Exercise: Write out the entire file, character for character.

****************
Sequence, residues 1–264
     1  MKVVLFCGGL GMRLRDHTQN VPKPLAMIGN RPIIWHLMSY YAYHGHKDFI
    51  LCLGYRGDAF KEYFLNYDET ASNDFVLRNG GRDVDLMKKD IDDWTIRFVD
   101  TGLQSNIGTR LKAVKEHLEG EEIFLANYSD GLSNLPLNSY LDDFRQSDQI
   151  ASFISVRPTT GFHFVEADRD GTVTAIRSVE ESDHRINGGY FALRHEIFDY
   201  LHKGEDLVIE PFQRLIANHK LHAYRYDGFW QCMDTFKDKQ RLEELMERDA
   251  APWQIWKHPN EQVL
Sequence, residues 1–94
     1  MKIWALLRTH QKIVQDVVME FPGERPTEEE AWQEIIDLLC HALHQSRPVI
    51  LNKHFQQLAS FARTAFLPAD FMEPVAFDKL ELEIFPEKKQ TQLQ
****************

Sequence, residues 1–264
     1  MKVVLFCGGL GMRLRDHTQN VPKPLAMIGN RPIIWHLMSY YAYHGHKDFI
    51  LCLGYRGDAF KEYFLNYDET ASNDFVLRNG GRDVDLMKKD IDDWTIRFVD
   101  TGLQSNIGTR LKAVKEHLEG EEIFLANYSD GLSNLPLNSY LDDFRQSDQI
   151  ASFISVRPTT GFHFVEADRD GTVTAIRSVE ESDHRINGGY FALRHEIFDY
   201  LHKGEDLVIE PFQRLIANHK LHAYRYDGFW QCMDTFKDKQ RLEELMERDA
   251  APWQIWKHPN EQVL
Sequence, residues 1–94
     1  MKIWALLRTH QKIVQDVVME FPGERPTEEE AWQEIIDLLC HALHQSRPVI
    51  LNKHFQQLAS FARTAFLPAD FMEPVAFDKL ELEIFPEKKQ TQLQ